- Be persuasive while asking the customer for a testimonial. Mention the reason for selecting the reader for this purpose. Your convincing and respectful tone should help the reader to give a positive response.
- Start the letter by expressing your gratitude and pleasure in doing business with your customer.
- Then come to the central point and request the client to give you the endorsement.
- Also, present some guidelines for the testimonial.
- Finally, end the letter by thanking the customer. Tell them that you will contact soon for confirmation.
[State, ZIP Code]
[State, ZIP Code]
[Subject: Normally bold, summarizes the intention of the letter] -Optional-
Dear [Recipients Name],
XYZ Training Services will be launching its new website in the second quarter of this year. We have been setting up a page for testimonials to give new clients an idea of what they can expect from our company. We would, therefore, like to ask if you could graciously share your experiences for inclusion on this page. We would just like to highlight the benefits your staff members have received from their training sessions with us. Would you be comfortable with this? If so, we will be sending one of our representatives over to take down your comments. Thank you very much!
[Senders Title] -Optional-
[Enclosures: number] - Optional -
cc: [Name of copy recipient] - Optional -
Request a testimonial or an endorsement. Sample letter #2.
Further things to consider when writing request letters to clients
Request letters are letters written to ask formally or politely for something. Any matter that requires a humble and polite appeal can be put forward using a request letter. It could be a job interview, a promotion, or a favor; a request letter will get the job done. A request letter can be formal or informal depending on the recipient. If you are requesting a friend to do a task for you, for instance, you can choose to go informal. But if you are requesting your manager for a promotion, the letter has to be formal. Either way, a request letter must be sent early enough to give the recipient ample time to process and respond to the request.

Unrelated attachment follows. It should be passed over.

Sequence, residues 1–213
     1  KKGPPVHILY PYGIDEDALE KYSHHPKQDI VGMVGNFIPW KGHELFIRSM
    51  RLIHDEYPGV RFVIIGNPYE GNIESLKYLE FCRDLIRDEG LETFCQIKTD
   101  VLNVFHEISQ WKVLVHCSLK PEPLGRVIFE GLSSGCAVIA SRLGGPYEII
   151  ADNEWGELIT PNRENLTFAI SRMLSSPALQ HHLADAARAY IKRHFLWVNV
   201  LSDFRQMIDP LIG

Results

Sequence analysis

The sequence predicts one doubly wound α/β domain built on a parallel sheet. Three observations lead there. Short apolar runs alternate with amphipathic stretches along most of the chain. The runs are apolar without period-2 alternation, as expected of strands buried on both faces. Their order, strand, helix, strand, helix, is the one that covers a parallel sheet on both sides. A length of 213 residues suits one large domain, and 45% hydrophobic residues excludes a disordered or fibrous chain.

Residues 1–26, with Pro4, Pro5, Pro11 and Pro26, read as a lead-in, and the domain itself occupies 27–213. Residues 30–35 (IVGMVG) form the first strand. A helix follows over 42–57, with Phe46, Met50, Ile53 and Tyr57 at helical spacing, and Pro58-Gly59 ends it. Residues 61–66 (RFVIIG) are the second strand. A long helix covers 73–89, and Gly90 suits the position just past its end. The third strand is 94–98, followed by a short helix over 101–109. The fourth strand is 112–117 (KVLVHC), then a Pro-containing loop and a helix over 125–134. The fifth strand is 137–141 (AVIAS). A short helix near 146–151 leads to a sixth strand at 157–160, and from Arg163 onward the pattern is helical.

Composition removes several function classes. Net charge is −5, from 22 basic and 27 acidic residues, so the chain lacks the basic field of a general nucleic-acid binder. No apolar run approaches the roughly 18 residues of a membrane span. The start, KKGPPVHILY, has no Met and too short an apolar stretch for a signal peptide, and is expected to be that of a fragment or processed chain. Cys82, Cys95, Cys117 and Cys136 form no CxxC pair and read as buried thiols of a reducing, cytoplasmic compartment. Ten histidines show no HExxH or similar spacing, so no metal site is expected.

When writing request letters, you need to be brief and direct, avoiding any auxiliary information that might weaken the message you are conveying. State exactly and clearly what you are requesting for giving reasons for it. If you are requesting for a raise, for example, explain in details why you think you deserve one. Maintain a polite tone throughout the letter. Close the letter by thanking the recipient in advance and expressing your anticipation for his/her consideration.
Letters to Clients
Letters to clients are letters a person or organization writes to other people and/or organizations that benefit from the senders' products or professional services. These could be welcome letters to welcome the clients to the organization, introduction letters to introduce a product or service to the clients, or thank-you letters to appreciate clients for their continued support. They could also be response letters to respond to clients' queries or inform letters to notify the clients of important matters like discounts on products and services, relocation of offices, etc. Basically, a letter to a client can be just about anything, as long as whatever you are communicating is business-related.
Letters to clients are business letters, and therefore, they should be formal and professional. Start the letter with a proper salutation. Clearly state the purpose of your letter. If a client is required to take a certain urgent action, make sure to specify exactly what he/she is supposed to do. Be brief and straightforward and avoid adding irrelevant details. Close the letter by warmly inviting the recipient to respond or to take the necessary action. Sign the letter and provide your contact details. Print the letter on the company's letterhead.